Parrot Misinformation On The Internet

Blue and gold macaw

Blue and gold macaw

Facebook. I love it and I hate it. On the one hand, it is SO annoying watching people publicly humiliating themselves by posting drunken photos or making personal comments that they will live to regret…forever and ever.

On the other hand, for someone like me, it is a wonderful way to see into the world of other bird owners to get a sense of what is REALLY going on out there. This year we started doing an educational post of the week on our page. A good number of those posts are based on what I see in my Facebook feed.

I go through my feed nearly every day. It is very uplifting to see how much effort and love people are putting into their birds and everybody wants to share. But just as a warning, please be careful what you post.

Many reposted articles are found on the internet, which is overrun with information which is dated, or just plain wrong.  An article written in the 1990s might look and read the same as one written last week, but we have come a long way since the 90s.

A lot of good is undone with these reposted articles. They are read by countless others who then shared with their friends. This is the exact point when one person’s opinion becomes everyone’s “fact”. This makes it really important to find a trusted source for your information,  especially if you share a lot on Facebook.

That is easier said than done. What happens when an article written by a “bird expert” appears on a site called “About.com”? Wouldn’t it be a fair assumption that an article written for a site with the singular intention of providing information would be accurate? Shouldn’t the word of an “expert” be taken as gospel? No, and no.

Umbrella cockatoo

Umbrella cockatoo

When I am going through my feed on Facebook, admittedly spying on the bird community, I rarely comment on the posts. However, I made an exception the other day after coming across a thread about circular cages.

It was great to see that nearly every comment recommended against the round cage, but it was shocking to discover that nearly every one of them said it was wrong for the wrong reason – stating that the cage’s roundness is emotionally distressing to parrots. Someone took a screen shot of this article, which is filled with misinformation that would have had me wiping tears of laughter out of my eyes if it weren’t so concerning that people were actually believing what this “bird expert” was saying.

I am going to copy the short post here so that I can put my comments into the body of the article in bold. But here is a link to it as well – just in case you think I am making this stuff up…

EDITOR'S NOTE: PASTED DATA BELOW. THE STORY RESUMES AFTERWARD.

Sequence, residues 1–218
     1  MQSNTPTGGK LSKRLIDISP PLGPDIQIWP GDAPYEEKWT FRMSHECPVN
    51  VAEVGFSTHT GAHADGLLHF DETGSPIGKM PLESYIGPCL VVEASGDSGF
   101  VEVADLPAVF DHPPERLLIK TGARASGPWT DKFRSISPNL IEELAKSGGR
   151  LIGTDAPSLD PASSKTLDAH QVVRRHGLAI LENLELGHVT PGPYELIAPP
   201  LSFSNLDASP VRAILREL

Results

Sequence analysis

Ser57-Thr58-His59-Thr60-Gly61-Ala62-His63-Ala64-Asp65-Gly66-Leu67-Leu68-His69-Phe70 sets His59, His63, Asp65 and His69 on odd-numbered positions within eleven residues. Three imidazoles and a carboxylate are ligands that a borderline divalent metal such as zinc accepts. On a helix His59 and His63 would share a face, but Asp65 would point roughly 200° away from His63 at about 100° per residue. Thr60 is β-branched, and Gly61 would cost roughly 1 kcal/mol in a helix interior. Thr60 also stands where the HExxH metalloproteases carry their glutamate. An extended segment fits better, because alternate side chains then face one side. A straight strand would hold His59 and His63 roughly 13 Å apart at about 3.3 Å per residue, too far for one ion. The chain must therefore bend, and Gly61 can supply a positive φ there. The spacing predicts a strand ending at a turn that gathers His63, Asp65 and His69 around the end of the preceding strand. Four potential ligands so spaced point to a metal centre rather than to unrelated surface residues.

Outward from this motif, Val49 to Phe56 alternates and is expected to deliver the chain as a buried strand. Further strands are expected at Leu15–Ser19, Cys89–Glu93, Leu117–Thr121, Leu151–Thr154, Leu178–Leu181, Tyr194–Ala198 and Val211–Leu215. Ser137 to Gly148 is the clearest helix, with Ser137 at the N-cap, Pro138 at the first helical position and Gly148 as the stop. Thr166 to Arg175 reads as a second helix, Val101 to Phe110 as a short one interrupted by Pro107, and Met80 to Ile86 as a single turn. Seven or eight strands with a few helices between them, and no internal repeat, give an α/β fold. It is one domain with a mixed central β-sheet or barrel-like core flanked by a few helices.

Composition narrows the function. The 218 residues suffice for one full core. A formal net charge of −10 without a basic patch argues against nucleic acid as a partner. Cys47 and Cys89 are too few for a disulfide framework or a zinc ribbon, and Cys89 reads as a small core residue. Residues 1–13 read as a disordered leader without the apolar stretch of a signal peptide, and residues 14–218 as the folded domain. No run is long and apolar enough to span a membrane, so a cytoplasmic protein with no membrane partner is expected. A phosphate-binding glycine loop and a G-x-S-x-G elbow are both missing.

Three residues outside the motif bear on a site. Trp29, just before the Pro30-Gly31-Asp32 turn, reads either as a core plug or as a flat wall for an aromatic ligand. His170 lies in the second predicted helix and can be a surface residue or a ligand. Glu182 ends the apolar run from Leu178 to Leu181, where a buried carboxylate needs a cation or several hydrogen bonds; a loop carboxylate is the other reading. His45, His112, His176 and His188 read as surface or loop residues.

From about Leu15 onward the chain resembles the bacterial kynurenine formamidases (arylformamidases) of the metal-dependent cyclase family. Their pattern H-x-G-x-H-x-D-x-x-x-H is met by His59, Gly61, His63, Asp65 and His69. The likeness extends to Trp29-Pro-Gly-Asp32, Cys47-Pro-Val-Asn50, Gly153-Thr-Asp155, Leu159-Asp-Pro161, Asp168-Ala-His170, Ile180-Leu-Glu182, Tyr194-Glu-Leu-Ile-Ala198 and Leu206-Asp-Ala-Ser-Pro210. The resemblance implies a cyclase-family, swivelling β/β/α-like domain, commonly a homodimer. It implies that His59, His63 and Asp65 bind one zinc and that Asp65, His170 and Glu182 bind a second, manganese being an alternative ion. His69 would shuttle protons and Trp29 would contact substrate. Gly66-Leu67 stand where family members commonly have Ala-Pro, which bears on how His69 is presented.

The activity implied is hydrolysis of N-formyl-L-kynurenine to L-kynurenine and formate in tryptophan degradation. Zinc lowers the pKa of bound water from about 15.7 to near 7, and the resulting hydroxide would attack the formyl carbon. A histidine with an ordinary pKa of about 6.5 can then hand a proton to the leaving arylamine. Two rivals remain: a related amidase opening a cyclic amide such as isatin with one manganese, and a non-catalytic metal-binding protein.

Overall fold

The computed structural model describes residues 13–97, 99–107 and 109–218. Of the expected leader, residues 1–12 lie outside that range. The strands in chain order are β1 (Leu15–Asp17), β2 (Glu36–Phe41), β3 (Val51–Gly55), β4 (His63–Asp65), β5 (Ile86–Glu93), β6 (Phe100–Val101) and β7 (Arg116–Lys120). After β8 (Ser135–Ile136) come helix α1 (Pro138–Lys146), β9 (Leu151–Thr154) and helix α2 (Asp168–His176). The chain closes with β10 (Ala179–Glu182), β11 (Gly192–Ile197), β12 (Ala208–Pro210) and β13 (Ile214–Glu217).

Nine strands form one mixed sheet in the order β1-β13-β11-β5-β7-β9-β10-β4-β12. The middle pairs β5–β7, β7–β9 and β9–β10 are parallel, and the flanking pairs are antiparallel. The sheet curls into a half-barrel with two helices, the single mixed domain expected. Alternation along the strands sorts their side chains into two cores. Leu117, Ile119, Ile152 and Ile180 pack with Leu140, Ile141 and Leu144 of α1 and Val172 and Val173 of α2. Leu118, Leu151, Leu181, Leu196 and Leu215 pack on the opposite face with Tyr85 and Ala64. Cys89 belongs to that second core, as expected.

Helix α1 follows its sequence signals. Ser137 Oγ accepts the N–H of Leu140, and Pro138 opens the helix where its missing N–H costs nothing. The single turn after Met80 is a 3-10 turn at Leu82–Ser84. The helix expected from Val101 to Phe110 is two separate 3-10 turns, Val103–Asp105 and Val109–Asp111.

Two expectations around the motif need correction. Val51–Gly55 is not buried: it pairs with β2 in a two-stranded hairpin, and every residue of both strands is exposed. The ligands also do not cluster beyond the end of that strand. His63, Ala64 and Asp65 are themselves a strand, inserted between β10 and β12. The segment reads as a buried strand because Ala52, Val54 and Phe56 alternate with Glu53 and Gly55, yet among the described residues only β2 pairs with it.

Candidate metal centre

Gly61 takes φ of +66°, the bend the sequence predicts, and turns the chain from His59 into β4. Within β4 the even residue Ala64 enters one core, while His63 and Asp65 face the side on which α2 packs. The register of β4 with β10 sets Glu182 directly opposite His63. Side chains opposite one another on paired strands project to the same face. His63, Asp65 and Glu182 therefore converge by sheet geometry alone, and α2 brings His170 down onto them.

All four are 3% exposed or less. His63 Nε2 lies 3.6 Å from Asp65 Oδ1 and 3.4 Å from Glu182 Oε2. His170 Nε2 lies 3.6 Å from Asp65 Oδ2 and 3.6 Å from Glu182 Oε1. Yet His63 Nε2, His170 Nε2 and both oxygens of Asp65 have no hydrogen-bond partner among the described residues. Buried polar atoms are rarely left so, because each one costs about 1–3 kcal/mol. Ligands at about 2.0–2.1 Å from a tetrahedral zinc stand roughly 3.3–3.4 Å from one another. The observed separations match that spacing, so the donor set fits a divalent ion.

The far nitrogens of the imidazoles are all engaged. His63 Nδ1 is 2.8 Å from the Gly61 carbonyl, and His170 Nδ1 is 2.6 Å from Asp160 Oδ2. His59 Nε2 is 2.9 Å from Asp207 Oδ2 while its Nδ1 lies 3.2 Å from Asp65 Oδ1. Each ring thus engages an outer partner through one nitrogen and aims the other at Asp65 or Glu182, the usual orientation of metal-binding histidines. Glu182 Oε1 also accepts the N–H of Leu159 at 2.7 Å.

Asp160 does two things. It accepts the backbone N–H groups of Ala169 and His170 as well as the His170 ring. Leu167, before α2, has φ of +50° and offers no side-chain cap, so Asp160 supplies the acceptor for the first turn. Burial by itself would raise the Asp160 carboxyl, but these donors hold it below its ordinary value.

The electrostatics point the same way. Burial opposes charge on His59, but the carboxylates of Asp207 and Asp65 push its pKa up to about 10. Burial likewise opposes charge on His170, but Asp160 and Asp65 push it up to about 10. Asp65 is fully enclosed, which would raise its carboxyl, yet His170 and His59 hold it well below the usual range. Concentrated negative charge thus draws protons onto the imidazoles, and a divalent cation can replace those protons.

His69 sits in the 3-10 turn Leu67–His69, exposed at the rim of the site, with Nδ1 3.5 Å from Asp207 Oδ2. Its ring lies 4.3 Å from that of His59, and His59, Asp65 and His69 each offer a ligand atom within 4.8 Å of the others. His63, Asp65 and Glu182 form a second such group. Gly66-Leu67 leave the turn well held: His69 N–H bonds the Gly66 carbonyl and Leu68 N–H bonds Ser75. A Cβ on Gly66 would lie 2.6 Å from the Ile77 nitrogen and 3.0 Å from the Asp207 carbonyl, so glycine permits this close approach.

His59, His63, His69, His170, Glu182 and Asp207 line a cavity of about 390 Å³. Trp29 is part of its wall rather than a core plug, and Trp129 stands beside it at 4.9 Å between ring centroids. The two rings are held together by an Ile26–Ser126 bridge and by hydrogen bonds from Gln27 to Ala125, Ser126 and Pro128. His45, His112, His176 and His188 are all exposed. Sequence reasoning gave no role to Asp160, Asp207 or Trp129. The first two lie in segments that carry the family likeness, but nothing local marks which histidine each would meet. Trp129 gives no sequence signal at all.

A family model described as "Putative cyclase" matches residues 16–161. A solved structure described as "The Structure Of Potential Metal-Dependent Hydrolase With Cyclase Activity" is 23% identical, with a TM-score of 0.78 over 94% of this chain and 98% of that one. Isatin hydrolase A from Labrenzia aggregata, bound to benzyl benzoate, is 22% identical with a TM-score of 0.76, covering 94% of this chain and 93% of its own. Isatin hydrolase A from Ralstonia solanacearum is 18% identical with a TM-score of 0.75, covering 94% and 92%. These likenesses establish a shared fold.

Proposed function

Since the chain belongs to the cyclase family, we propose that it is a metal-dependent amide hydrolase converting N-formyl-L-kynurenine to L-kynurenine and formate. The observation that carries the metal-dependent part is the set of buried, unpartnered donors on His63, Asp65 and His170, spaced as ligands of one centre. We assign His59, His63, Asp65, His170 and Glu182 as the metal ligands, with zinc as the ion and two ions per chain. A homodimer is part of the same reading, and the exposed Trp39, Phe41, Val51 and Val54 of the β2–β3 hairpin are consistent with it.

http://birds.about.com/od/birdcages/f/roundcages.htm ….

Question: Are Round Cages Really Bad for Birds?

Answer:

Round cages are not recommended for most bird species, for a variety of reasons.

The first reason that these cages can be bad news is because they can be detrimental to a parrot’s psychological health. Birds are very intelligent creatures, but many have driven themselves crazy climbing around and around cylindrical cages, and feeling like they’re never getting anywhere. (Birds that incessantly circle their cages do so because they are distressed. The distress is causing the circling, it is not the circling causing the distress. They would not continue that activity if it was upsetting to them. Circling the cage is an outlet for their discomfort.) Giving your bird an angular cage provides them with reference points to different locations in their territories — thus helping them feel confident, safe, and secure. (So… physically turning a corner every few feet would satisfy them and make them feel like they ARE getting somewhere? And since a bird’s “territory” is only a few feet wide and they have that spectacular eyesight, does she not think they can find their food bowl without first referencing the coordinates of a corner in the cage?)

 Another reason to avoid round cages is because they are often awkward living spaces for a bird to inhabit. They very way that they are shaped causes many bird’s feathers to be in constant contact with the cage bars, wearing them down and giving the bird a ragged appearance. (??? Basic geometry will tell you that a bird will come in contact with more cage bars by standing in a corner as opposed to the one point of contact made in a round cage.) 

Round cages can also be difficult to maintain. (Everyone knows that round is harder to clean than square, right?) Because most bird cages are now square or rectangular in shape, it can be hard to find certain accessories that will fit round cages — like cuttlebone and millet holders, seed cups, and cage liners. (Again with the geometry fail…but she does make a good point about the cage liner since most homes are not equipped with scissors.) For this reason, it may be easier on both you and your pet to opt for a square or rectangular cage. By doing so, you can provide your pet with a comfortable home, and provide yourself with a cage that is easy to keep clean and well stocked with fun accessories.” ….